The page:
Author: Richard Harpur
We’re all exhausted by 2020, a year that was unpredictable to say the least. Many companies and organizations were forced into a storm of reactionary steps necessary for business continuity reasons at best, and commercial survival at worst. Unprecedented as times were, many cybersecurity predictions for 2020 remained valid, but the operating context transpired to be completely different than anticipated. As we all moved away from working in fixed office locations to working remotely, this made the environment easier for cybercriminals to target users in the comfort of their own homes.
Instead of trying to predict 2021 cybersecurity trends, which may not leave much room for agility depending on what the year has in store for us, we propose a 2021 playbook for cybersecurity, to help IT and Security teams prepare a roadmap of projects and focus areas likely to take precedent in the year ahead. In this article we will make a recommendation for each scenario as follows:
- Procure and implement: A technology or practice you should be planning to implement in 2021.
- Trial or pilot: A technology or practice you should be testing or evaluating to assess value and implementation effort in 2021 in anticipation of a full implementation in 2022 if the pilot is successful.
- Research: Start becoming aware of this technology or practice as it will grow more dominant in future years, grow your awareness in 2021.
Scenario 1: Browser Isolation
Recommendation: Trial or pilot
Threats: Ransomware, phishing, social engineering, malware
Although this tech has been mainstream for a number of years, widespread adoption has been hindered by proprietary implementation requirements and the inertia and difficulty of moving users from their “favorite” browser to an alternative. However, several factors may now result in better ROI than previously possible, and therefore 2021 is a year in which this technology should be tried in a controlled way in your organization to understand the barriers to full implementation as well as the friction, if any, that is introduced for users.
The efficacy of such products is generally high; however, difficulties commonly arise in a user’s workflow. In addition to serving up visual content, we now use browsers for file transfer, audio and video streaming, form filling with attachments being uploaded and other rich activities. Browsers are also a major channel for cybercriminals to exploit.
Scenario 2: SASE (Secure Access Service Edge)
Recommendation: Procure and implement (Trial or pilot for complex network environments)
Threats: Remote work, network breach, cloud security
In 2020 workers moved from defined office locations to remote locations, at a scale never seen before. This brings challenges of securing users' access to corporate assets from locations that are outside the control of the corporate IT or security departments. Secure Access Service Edge is a model for network security in the cloud proposed by Gartner. This approach sees a convergence of technologies such as Firewall as a Service (FWaaS) Cloud Access Service Broker (CASB), Zero Trust Network Access (ZTNA) and Secure Web Gateway (SWG) promising a reduction in complexity and the number of point solutions being used to secure the enterprise.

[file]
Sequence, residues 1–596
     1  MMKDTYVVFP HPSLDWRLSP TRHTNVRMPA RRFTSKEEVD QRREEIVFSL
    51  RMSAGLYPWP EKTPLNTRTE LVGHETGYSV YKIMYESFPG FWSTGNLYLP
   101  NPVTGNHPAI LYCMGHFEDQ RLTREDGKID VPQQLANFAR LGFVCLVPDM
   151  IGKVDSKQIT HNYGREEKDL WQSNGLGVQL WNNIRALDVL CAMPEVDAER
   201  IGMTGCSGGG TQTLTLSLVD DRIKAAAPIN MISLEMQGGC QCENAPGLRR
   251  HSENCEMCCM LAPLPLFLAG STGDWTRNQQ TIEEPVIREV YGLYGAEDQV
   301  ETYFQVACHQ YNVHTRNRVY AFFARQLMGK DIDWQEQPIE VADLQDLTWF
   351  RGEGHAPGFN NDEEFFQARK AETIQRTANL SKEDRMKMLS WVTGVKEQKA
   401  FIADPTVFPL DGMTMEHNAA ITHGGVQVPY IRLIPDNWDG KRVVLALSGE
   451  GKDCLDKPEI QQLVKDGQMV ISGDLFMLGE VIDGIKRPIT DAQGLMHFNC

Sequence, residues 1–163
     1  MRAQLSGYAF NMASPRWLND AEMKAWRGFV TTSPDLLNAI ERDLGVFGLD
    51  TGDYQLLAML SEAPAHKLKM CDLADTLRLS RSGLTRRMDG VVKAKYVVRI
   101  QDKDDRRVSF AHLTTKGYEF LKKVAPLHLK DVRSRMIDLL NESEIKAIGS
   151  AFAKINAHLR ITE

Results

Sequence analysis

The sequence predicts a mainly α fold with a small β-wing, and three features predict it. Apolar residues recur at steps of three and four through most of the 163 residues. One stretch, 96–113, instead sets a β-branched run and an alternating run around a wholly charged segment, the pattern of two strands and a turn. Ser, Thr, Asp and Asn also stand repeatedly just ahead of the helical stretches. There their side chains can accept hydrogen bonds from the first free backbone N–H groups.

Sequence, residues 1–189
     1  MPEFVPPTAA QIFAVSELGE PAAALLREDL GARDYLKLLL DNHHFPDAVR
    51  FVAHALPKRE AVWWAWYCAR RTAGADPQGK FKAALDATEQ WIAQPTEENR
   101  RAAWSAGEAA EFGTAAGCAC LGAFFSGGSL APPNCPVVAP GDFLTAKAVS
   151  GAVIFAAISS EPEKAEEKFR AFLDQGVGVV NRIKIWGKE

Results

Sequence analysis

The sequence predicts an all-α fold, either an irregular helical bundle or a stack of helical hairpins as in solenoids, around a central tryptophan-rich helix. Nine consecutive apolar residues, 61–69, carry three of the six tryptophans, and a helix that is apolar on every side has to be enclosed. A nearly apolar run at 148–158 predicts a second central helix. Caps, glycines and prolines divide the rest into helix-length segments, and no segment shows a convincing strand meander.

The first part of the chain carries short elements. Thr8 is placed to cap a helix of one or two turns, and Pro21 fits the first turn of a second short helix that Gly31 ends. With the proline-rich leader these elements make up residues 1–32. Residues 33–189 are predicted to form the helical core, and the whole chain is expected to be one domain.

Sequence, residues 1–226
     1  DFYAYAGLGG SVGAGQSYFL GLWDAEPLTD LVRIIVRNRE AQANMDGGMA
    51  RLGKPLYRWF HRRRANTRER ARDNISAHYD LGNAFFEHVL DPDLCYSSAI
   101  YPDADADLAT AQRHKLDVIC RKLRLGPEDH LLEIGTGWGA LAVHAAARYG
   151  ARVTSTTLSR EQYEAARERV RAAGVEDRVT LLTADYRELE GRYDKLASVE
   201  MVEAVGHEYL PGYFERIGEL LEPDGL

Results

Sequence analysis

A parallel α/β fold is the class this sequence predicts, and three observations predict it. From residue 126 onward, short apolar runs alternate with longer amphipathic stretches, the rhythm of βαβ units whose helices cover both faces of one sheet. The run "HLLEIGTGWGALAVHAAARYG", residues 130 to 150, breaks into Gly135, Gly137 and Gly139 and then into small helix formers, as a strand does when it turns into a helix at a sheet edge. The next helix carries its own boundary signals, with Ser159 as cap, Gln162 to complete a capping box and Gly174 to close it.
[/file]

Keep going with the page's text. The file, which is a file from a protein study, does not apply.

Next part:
Your 2021 playbook should include the procurement and adoption of this technology, or if you have a complex environment you may want to trial and pilot in the first instance.
Scenario 3: Write Once Read Many (WORM) backup solution
Recommendation: Procure and implement
Ransomware incidents persisted again in 2020 and there is no reason to believe they will decline in 2021. The impact of such attacks has been highly publicized in healthcare and educational settings. Write Once and Read Many (WORM) technologies for data backup can be deployed to provide a guarantee that data residing in these repositories can never be lost to ransomware . It may be possible for existing solutions to be upgraded to enforce WORM protection, providing an easy win without requiring a major infrastructure project.
Scenario 4: Security automation
Recommendation: Procure and implement
Threats: Data breach, application vulnerabilities, cloud configuration vulnerabilities, faster incident response
Shortages of skilled cybersecurity professionals is a constraint that is going to continue into 2021 and beyond. IT and Information Security leaders need to maximize the utilization of their existing talent pool. Automation of everything that is possible to automate will help free capacity for other security related tasks. DevSecOps can greatly assist with freeing up resources for other tasks and projects. Many cloud service providers now offer services to script automated incident response and compliance as code activities. 2021 should incorporate, at a minimum, a starting point for automation for security activities, delivering on the basic workflows.
Scenario 5: IOT cloud services for non-IOT devices
Threats: Remote working
The original application of IOT cloud-based security was to ensure we integrated all types of non-typical computing devices such as building sensors, factory automation and other classic IOT devices. However much of the cloud based IOT services could be applied to classic IT environments. As we move to a zero-trust architecture, I recommend you don’t overlook this category of cloud services; instead undertake research and learning to ensure you are aware of what services are available and how it might impact your environment in the future.
We’ve seen many threats emerge and dominate over the last number of years. 2020 accelerated human-targeted attacks, making it easier for cybercriminals to exploit human weakness. The theme for 2021 is focused on deploying solutions to help users avoid cyberattacks by providing additional protections in a remote working situation.